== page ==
Were you in an Automobile Accident while on the Job in NC?

An automobile accident on the job may be covered by workers’ compensation in North Carolina.  This article gives a brief summary of the general rules and exceptions regarding whether an auto accident is covered by workers’ comp in NC.

Car Accidents & the “Coming and Going” Rule

If you are involved in a Car Accident while going to or returning from work, those injuries are generally not covered by the NC Workers’ (workmens’) Comp Act. The dangers presented by operating a motor vehicle while traveling to and from work are common to the general public and not a peculiar risk to a duty of employment. However, there are exceptions to the coming and going rule in NC workers’ comp.

The Contractual Duty Exception to NC Workers’ Comp Laws regarding Car Accidents

If the employer agrees to provide the employee transportation to and from work then an accident going to or from work will usually be covered under NC workers’ comp. This applies when: 1) the employer arranges for transportation, such as in a company van, 2) the employer provides the employee a vehicle to use to go to and from work; 3) an employer reimburses the employee for gas and mileage. If transportation to and from work is provided to an employee out of the employer’s goodwill, and is not required as part of the employment, workers’ comp laws may not cover injuries an employee suffers in a car accident.

The Special Errand Rule and the North Carolina Workers’ Compensation Act

An employee who is injured in Automobile Accident on the job in NC may be covered under NC workers’ comp laws if he or she is injured while performing an errand or duty beyond the normal requirements of his job. The errand rule only applies if the employee was acting in a way that benefits his employer. When an employee is engaged in a special errand for an employer, the “coming and going” rule does not apply. If on a special errand, any injury that occurs during its course is covered by the NC Workers’ Compensation Act. For example, an employee who is on the way to work but stops at the bank to make a deposit may be covered by workers’ comp in NC if he or she is in an auto accident.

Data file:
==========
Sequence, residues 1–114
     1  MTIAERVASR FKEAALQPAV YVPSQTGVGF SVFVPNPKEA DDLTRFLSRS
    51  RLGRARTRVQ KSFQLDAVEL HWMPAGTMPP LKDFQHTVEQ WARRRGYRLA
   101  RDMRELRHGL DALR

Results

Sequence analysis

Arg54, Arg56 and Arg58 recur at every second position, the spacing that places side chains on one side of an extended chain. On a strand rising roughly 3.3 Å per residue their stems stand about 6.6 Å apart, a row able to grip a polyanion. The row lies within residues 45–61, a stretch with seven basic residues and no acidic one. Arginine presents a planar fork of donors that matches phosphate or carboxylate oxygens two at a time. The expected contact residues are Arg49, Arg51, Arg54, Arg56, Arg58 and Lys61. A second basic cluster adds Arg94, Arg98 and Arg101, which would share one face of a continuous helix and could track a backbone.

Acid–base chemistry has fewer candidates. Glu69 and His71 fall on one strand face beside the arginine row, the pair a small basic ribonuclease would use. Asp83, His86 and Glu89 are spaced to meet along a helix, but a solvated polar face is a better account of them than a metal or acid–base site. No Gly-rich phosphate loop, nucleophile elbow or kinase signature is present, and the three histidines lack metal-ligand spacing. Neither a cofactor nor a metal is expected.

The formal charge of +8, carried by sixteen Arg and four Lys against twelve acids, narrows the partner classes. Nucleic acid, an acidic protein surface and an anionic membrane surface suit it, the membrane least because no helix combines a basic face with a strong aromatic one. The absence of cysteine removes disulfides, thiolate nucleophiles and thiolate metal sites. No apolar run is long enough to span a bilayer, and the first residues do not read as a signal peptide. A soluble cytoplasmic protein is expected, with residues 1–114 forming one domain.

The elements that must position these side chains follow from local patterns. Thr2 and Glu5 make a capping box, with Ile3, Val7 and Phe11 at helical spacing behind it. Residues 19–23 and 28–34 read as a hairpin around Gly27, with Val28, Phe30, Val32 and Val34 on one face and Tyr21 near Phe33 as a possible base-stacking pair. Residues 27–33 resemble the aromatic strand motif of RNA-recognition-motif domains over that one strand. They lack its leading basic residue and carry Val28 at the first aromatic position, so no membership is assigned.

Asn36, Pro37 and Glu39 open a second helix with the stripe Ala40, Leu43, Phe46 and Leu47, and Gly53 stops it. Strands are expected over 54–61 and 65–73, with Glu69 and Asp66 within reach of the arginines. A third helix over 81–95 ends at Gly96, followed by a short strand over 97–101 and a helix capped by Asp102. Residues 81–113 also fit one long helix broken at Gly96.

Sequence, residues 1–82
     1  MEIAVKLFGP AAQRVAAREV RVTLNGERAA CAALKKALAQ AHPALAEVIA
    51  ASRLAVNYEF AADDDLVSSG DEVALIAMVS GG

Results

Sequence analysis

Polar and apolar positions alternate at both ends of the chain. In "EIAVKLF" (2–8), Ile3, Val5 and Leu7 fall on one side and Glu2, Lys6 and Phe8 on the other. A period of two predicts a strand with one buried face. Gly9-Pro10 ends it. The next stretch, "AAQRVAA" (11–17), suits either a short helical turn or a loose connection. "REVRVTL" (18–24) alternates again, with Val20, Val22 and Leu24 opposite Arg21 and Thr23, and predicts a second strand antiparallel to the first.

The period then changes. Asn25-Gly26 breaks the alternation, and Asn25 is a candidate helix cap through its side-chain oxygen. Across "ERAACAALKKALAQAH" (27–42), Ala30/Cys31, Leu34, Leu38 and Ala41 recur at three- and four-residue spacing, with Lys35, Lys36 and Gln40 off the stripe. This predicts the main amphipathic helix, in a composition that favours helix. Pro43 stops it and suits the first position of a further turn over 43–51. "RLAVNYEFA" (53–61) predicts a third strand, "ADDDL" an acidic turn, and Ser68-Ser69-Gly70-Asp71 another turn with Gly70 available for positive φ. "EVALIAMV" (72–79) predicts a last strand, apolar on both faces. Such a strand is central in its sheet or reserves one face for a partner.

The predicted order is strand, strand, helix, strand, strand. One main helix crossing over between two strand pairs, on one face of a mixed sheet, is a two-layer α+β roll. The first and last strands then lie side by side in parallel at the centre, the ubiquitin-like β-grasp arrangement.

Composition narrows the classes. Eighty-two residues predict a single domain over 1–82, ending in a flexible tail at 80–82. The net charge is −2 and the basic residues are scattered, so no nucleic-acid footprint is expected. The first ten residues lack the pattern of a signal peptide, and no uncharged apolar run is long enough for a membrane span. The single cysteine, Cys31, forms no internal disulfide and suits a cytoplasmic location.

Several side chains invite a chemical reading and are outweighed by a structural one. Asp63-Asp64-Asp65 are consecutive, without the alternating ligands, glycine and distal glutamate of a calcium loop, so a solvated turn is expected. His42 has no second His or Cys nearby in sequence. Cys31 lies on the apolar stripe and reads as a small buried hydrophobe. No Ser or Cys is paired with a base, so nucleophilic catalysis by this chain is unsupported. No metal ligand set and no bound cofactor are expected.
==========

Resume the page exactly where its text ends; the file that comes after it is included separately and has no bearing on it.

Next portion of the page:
The Dual Purpose Rule and NC Workers’ Comp Laws regarding Car Accidents

When travel is at least partly to benefit the employer an accident may be covered by workers’ comp in NC even if the travel also served a personal purpose. For example an employee who is sent to the bank by his or her employer and while there the employee cashed his own check will likely be covered by workers’ comp for injuries that occur between the place of employment and the bank. An employee who left his or her workplace for the sole purpose of going to the bank to cash a personal check would not be covered if he or she got injured in a car accident.

The Traveling Salesman Exception to Workers’ Compensation Laws in North Carolina

When an employee is required to travel as a part of his or her job then car accident injuries are usually covered under workers’ comp law and are not subject to the “coming and going” rule. An employee who must travel away from his or her workplace as part of his employment is continuously within the course of his employment during his or her travel. However an employee whose job requires travel who steps away from employment by taking a distinct departure on a personal errand may not be covered. Once an employee returns from a deviation to travels related to employment, any injury from a car accident would again be covered by the North Carolina Workers’ Compensation Act.

 

If you have questions about whether your auto accident is covered by workers’ comp in NC please call or email for your free consultation with board certified NC workers’ comp lawyer Kevin Bunn.

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Top Ten Tips and Traps for North Carolina Workers’ Compensation Claims

After twenty years of practicing workers’ compensation law in North Carolina I have seen just about every mistake an injured worker can make.  These mistakes range from failing to file their claim, to settling when they should not have, and everything in between. Download my Top Ten Tips and Traps for North Carolina Workers’ Compensation Claims

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